And the LORD God commanded the man, saying, Of every tree of the garden thou mayest freely eat: But of the tree of the knowledge of good and evil, thou shalt not eat of it: for in the day that thou eatest thereof thou shalt surely die.
–Genesis 2:16-17, 3:22
Notice, a fast encompasses both the affirmations and prohibitions of the Lord–what we should and shouldn’t do–even as we are to refuse carnal knowledge and partake of righteous instruction (Genesis 3:22; 1 John 2:16). Consequently, the most common fast is not simply abstaining from certain foods, but also partaking of certain foods, according to the direction of God. This is a partial fast, after the manner of the prophet Daniel:
And the king appointed them a daily provision of the king’s meat, and of the wine which he drank … But Daniel purposed in his heart that he would not defile himself with the portion of the king’s meat, nor with the wine which he drank: therefore he requested of the prince of the eunuchs that he might not defile himself. Now God had brought Daniel into favour and tender love with the prince of the eunuchs. And the prince of the eunuchs said unto Daniel, I fear my lord the king, who hath appointed your meat and your drink: for why should he see your faces worse liking than the children which are of your sort? then shall ye make me endanger my head to the king. Then said Daniel to Melzar, whom the prince of the eunuchs had set over Daniel, Hananiah, Mishael, and Azariah, Prove thy servants, I beseech thee, ten days; and let them give us pulse [vegetables] to eat, and water to drink. Then let our countenances be looked upon before thee, and the countenance of the children that eat of the portion of the king’s meat: and as thou seest, deal with thy servants. So he consented to them in this matter, and proved them ten days. And at the end of ten days their countenances appeared fairer and fatter in flesh than all the children which did eat the portion of the king’s meat. Thus Melzar took away the portion of their meat, and the wine that they should drink; and gave them pulse. As for these four children, God gave them knowledge and skill in all learning and wisdom: and Daniel had understanding in all visions and dreams.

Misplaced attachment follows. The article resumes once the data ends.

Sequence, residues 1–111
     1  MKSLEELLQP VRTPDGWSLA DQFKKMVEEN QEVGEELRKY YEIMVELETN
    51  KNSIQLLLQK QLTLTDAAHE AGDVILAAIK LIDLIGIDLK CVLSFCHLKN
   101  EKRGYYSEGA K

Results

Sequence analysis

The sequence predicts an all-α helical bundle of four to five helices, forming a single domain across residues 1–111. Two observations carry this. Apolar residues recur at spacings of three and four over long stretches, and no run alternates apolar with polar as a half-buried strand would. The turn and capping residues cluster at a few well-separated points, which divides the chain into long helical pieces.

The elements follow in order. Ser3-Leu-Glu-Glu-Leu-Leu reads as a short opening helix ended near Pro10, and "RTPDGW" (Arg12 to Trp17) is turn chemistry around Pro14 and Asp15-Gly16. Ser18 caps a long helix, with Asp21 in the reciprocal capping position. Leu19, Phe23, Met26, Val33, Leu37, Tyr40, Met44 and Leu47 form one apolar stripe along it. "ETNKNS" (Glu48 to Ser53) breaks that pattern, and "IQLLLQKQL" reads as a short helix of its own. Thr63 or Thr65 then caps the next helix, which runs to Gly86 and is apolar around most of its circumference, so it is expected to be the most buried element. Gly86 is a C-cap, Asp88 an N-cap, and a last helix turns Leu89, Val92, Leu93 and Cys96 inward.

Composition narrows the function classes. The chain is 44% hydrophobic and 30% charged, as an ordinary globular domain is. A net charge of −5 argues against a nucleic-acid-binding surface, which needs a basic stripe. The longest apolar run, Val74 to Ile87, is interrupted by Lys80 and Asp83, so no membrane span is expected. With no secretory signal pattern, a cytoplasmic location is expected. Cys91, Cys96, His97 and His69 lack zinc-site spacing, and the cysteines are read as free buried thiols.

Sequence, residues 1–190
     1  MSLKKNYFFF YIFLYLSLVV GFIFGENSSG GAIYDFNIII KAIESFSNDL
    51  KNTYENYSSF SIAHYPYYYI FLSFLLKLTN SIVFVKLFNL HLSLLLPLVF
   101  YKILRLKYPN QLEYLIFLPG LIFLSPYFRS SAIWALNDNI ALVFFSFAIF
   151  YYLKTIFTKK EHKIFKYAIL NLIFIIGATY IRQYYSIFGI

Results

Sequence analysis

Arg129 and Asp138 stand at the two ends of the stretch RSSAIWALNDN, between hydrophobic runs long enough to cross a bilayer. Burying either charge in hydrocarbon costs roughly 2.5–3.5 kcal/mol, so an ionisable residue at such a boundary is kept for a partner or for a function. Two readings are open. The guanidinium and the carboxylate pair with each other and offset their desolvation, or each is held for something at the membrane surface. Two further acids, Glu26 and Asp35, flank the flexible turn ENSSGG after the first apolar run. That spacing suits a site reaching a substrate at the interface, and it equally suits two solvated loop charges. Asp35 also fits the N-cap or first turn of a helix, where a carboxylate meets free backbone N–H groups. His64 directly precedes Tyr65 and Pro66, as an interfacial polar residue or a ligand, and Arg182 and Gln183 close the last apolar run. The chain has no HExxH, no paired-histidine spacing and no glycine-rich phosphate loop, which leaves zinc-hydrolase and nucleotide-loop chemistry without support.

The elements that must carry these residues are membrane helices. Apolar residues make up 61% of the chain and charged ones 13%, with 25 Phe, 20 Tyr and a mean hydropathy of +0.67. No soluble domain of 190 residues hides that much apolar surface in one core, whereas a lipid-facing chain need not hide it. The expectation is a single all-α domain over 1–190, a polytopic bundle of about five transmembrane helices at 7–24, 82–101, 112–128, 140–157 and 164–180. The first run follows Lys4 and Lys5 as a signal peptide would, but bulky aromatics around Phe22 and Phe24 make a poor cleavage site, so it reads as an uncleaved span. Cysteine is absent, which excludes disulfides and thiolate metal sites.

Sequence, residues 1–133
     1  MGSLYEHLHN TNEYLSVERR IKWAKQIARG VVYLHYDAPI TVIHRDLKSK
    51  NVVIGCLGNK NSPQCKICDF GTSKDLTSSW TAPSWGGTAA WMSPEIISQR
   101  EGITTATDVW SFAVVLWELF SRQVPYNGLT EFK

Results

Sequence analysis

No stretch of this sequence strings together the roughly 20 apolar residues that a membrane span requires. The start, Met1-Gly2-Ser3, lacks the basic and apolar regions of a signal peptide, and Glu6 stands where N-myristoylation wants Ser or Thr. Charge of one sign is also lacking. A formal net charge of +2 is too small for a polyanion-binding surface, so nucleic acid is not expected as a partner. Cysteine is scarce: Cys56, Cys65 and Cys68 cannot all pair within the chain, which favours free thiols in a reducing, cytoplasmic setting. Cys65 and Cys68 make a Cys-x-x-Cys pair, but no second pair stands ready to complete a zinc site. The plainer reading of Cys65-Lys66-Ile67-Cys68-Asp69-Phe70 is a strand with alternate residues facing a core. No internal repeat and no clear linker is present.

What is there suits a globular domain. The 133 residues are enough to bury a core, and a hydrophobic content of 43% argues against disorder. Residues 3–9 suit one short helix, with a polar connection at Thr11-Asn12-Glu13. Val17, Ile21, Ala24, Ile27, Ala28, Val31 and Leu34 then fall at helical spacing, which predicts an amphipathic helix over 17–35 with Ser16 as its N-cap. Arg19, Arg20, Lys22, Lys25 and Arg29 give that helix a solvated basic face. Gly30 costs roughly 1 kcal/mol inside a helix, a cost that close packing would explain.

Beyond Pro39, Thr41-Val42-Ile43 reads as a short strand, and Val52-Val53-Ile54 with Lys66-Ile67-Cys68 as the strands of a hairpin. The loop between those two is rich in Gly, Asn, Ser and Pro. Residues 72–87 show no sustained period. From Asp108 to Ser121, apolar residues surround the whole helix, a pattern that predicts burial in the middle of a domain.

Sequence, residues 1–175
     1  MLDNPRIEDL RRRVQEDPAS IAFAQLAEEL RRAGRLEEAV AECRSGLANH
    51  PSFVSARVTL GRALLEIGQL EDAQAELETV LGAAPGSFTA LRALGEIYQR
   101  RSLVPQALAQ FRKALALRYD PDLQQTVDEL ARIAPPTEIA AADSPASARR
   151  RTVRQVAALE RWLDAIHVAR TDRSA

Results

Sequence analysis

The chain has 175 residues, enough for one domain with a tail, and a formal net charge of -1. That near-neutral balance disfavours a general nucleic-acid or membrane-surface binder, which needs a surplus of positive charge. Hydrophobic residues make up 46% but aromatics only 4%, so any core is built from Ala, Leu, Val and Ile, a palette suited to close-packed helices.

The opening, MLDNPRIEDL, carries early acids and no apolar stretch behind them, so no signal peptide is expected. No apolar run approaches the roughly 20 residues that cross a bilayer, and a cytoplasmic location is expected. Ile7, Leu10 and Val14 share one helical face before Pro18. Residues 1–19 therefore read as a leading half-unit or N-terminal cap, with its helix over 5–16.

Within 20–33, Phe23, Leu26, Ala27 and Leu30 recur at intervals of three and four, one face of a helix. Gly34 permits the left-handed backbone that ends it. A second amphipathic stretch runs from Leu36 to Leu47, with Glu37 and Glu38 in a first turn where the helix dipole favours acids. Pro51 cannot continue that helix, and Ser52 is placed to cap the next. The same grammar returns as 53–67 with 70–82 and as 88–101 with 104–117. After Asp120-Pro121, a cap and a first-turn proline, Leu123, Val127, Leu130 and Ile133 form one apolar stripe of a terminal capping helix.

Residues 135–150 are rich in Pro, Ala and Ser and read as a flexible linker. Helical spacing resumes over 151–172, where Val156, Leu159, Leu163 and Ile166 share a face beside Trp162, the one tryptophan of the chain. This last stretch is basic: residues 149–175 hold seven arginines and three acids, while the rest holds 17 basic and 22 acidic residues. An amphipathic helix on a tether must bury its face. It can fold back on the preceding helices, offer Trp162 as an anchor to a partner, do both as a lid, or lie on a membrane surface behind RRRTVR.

–Daniel 1:5, 8-17
Those who fast to gain favor with God do not understand fasting.
We fast to acknowledge what God has already done–to show faith in His character–and contentment with His provision.
That said, there are secondary benefits to fasting, as the above account concerning Daniel details:
Fasting improves our physical health.
Fasting insulates us from the deceptions and temptations of this world.
Fasting enables us to receive the vision of the Lord. [This translates to increased fruit-bearing: for fasting emphasizes the believer’s reliance upon God, removing the leaven from our lives and drawing us apart from the rudimentary principles of this world.] We see this in another account in Daniel:
I ate no pleasant food, no meat or wine came into my mouth, nor did I anoint myself at all, till three whole weeks were fulfilled. Then I lifted up mine eyes, and looked, and behold a certain man clothed in linen, whose loins were girded with fine gold of Uphaz: His body also was like the beryl, and his face as the appearance of lightning, and his eyes as lamps of fire, and his arms and his feet like in colour to polished brass, and the voice of his words like the voice of a multitude. And I Daniel alone saw the vision: for the men that were with me saw not the vision; but a great quaking fell upon them, so that they fled to hide themselves.
Important Note: The fact that we were created to fast should bolster our faith that we are fully able to fast.